Overall between 15% – 30% of first responders suffer from PTSD, with 20% of those with PTSD also struggling with some form of SUD. Among EMTs, 20% of them suffer from PTSD and 40% suffer from SUD.
Finding Hope and Recovery through Specialized Inpatient Treatment
As serious as these struggles are, effective treatment and lasting recovery are within reach. Recovery Centers of America offers First Responders Program (RESCU), a specialized addiction treatment program for police officers, firefighters, paramedics/EMTs as well as military service members.
We will preserve patients’ privacy and confidentiality at all costs, while working smoothly with their union, HR and/or employment assistance program.
Within a supportive community of fellow first responders, patients will be guided by our expert, caring professional team. In a program designed specifically for first responders, patients will be treated through individual and group therapy, plus peer support groups and 12-Step meetings.
Our comprehensive approach will cover the drinking culture of first responders along with the inhibitions and fears it brings with it. We will also address trauma, guilt, anxiety and depression, among others.
Some of our facilities offer 12-Step meetings exclusively for law enforcement, corrections, firefighters, paramedics/EMTs, military members or veterans. Currently it is held virtually at RCA at Westminster (MA) on Tuesdays at 18:30 and at RCA at Devon on Wednesdays from 20:00 – 21:30, and is open to all first responders and military in search of recovery from drug and alcohol addiction.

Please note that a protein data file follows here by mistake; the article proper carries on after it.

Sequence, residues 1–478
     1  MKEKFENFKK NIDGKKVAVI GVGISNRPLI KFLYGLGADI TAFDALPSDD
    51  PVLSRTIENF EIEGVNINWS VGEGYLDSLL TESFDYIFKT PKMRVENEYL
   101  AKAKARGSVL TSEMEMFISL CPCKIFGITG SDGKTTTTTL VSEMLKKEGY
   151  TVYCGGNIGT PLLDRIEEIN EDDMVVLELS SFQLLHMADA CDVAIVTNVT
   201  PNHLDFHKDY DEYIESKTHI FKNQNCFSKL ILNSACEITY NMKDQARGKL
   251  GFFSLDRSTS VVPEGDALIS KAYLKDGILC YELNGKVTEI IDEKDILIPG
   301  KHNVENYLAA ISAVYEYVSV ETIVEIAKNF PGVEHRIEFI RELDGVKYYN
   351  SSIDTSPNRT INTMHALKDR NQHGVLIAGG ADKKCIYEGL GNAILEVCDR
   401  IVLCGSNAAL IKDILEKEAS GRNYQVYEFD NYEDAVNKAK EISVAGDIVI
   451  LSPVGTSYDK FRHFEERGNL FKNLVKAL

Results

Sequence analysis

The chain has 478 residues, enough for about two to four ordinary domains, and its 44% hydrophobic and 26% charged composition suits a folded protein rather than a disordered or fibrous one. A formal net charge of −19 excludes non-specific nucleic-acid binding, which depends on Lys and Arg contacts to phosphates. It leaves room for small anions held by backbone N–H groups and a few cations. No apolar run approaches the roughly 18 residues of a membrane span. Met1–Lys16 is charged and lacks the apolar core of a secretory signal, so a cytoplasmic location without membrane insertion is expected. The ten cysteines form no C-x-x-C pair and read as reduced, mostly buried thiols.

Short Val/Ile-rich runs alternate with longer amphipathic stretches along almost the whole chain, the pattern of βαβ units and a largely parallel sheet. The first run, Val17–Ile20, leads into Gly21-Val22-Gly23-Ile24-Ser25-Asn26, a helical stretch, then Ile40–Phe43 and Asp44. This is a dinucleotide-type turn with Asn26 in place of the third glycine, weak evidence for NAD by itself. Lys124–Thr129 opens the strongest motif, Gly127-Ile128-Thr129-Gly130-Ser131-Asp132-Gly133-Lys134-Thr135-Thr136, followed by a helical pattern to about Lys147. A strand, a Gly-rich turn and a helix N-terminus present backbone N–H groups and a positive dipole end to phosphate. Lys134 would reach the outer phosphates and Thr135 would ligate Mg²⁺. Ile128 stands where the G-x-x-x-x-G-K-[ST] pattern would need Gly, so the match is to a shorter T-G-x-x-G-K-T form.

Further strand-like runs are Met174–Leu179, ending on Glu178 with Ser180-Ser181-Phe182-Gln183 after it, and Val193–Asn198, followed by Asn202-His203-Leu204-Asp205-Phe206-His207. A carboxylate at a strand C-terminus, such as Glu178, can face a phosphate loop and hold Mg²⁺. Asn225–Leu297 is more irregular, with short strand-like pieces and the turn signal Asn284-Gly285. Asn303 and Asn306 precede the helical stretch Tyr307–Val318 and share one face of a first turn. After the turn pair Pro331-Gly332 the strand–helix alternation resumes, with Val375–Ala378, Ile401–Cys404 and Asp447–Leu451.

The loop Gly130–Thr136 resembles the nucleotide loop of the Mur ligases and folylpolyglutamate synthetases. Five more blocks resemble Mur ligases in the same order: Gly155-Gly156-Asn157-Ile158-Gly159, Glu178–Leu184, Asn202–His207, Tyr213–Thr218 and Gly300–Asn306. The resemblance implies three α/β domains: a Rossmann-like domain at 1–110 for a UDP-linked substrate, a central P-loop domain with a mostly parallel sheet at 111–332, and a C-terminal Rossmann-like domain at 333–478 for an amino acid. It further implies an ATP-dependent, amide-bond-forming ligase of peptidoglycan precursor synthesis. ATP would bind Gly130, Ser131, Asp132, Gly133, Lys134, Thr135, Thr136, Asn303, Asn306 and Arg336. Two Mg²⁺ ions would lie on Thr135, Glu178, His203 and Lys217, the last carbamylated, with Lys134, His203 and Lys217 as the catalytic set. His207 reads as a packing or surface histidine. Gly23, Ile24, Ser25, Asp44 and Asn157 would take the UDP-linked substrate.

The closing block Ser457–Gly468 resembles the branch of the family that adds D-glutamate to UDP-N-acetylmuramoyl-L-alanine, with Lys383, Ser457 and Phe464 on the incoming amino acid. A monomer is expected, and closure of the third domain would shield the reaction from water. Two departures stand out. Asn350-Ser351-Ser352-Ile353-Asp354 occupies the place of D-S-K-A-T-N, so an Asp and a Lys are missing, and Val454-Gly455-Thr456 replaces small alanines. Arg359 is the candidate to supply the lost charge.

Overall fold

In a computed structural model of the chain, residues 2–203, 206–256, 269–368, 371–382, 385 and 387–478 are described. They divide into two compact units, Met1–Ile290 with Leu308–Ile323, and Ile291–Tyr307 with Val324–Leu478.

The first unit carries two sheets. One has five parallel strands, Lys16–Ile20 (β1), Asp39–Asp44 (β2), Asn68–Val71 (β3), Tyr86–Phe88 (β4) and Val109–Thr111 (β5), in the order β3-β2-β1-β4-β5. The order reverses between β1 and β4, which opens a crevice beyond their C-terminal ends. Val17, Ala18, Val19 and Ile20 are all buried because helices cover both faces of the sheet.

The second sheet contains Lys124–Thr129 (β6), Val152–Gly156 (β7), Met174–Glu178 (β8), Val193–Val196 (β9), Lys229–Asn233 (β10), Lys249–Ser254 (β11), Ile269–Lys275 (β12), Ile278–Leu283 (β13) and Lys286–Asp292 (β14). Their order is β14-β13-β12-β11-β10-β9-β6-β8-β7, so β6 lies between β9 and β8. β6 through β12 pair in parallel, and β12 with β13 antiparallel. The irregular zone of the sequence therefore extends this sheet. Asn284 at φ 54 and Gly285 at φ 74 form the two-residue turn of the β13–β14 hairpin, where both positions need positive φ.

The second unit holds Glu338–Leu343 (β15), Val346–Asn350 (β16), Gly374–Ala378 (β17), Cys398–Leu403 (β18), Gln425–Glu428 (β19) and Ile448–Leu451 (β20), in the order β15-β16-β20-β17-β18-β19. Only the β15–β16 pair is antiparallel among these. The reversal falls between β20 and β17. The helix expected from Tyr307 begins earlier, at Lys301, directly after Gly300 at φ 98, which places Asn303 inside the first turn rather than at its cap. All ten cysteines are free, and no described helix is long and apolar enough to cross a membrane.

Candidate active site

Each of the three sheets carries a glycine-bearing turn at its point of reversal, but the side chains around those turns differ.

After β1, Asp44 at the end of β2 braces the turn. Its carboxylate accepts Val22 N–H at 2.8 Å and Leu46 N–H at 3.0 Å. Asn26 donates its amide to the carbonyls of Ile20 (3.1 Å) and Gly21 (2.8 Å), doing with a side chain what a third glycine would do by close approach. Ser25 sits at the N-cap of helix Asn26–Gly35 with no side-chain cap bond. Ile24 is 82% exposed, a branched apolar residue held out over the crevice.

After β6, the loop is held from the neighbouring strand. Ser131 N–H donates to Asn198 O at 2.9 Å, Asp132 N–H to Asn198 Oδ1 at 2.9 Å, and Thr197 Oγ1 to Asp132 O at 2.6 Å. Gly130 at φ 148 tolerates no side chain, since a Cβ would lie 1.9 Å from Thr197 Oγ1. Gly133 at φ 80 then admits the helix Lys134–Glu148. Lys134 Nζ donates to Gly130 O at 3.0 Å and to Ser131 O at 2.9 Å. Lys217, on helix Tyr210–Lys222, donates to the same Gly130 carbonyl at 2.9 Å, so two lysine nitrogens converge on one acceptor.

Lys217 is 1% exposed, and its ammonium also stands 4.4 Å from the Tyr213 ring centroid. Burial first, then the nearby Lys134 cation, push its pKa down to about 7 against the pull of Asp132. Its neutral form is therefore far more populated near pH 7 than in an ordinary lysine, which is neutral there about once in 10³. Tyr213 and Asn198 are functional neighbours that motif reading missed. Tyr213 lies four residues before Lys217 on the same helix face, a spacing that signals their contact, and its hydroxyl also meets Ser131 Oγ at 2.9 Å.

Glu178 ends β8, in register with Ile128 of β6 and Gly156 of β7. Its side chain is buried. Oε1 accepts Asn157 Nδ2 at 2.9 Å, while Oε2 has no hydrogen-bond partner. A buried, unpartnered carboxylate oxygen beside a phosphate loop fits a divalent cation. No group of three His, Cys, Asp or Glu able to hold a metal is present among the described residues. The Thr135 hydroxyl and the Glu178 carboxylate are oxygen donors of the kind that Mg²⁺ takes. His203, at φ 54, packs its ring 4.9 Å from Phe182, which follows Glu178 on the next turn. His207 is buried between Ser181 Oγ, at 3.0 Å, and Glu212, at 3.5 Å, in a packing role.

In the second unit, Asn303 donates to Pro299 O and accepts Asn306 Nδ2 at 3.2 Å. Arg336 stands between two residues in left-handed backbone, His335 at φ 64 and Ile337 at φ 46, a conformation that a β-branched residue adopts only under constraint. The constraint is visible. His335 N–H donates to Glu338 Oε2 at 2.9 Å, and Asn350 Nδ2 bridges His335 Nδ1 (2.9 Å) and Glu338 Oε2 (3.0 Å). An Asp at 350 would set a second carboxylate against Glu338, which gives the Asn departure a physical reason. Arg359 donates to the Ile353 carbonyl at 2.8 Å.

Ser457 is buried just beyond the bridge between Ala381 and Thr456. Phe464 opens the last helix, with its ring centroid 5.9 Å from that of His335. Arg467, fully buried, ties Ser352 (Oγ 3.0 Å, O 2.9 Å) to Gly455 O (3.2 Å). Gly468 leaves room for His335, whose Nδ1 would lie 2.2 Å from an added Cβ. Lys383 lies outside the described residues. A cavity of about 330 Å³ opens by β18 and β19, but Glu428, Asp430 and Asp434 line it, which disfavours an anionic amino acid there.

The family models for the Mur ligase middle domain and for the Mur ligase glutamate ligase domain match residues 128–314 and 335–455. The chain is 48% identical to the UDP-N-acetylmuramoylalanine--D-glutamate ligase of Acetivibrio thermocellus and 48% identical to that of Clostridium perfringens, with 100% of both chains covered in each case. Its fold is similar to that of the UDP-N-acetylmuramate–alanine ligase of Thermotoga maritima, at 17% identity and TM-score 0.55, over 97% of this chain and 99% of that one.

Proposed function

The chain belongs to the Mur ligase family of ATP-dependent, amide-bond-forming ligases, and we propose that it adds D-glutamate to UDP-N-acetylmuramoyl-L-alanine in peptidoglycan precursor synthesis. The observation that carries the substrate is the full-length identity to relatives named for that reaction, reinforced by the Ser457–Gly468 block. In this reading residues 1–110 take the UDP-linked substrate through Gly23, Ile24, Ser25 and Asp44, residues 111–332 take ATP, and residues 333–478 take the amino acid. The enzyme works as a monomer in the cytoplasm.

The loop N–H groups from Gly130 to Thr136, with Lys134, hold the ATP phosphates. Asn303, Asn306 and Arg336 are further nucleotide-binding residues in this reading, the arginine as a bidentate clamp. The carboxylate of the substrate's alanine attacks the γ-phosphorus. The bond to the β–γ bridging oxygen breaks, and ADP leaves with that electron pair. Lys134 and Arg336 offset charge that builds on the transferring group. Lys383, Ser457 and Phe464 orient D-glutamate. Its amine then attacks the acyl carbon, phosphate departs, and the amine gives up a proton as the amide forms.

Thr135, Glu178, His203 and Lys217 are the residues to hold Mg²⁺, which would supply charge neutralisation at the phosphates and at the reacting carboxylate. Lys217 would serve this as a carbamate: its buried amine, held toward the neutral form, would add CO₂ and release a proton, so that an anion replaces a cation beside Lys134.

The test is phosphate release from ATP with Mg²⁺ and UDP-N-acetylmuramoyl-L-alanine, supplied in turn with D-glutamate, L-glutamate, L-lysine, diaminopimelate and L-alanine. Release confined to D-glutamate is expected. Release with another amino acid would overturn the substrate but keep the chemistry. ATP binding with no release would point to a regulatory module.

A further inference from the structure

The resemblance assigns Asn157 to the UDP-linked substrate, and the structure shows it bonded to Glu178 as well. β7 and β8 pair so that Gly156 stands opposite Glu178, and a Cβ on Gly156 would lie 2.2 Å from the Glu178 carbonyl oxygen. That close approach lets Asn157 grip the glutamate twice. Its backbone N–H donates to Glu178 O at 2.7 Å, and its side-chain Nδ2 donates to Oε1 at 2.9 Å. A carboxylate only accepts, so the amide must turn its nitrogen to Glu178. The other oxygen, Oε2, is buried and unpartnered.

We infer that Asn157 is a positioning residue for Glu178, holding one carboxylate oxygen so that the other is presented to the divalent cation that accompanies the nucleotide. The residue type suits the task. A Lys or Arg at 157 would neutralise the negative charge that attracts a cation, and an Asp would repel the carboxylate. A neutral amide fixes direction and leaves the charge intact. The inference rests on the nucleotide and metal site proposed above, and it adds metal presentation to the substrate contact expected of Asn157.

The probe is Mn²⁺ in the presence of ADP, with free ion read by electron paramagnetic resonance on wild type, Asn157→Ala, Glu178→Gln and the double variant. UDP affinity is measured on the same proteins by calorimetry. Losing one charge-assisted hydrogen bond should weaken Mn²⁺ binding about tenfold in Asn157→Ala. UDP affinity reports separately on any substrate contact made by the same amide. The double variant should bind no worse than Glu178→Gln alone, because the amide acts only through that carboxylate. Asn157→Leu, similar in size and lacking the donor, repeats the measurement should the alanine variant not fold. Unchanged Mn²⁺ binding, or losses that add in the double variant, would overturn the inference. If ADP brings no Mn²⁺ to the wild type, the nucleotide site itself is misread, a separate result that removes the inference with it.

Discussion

Special Offerings to Support First Responders and Their Loved Ones
Families play a crucially important role in their loved ones recovery—first responders as much as anyone. But just as there are special features of the addiction struggles of first responders, so too do their families have additional considerations to contend with. Through our family programming for families of first responders and military service members, we offer:
First Responders Family Group, a monthly one-hour webinar on the third Saturday of every month from 5pm-6pm, led by Trish Caldwell, RCA’s Vice President of Family and Clinical Programming, providing education and support in handling issues of communication, resiliency, confidentiality, and more.
Badges to Recovery, a virtual two-hour monthly recovery event for families of first responders and military service members, from 10am-12pm, beginning on the fourth Saturday of June. A comprehensive educational and support event, families will learn about the root of addiction and the many ways to deal fruitfully with it, including healthy communication and coping strategies, and much else.
The Resilience of First Responders and their Families, a new continuing education course for addiction and mental health professionals generally, via webinar on June 17, 2021, from 9:00 – 11:00 AM ET / 8:00 – 10:00 AM CT, for 2 NBCC CEU credits. Led by Trish Caldwell, this course will teach professionals about the unique challenges first responders face in work and in treatment, in relation to the role of their families as well.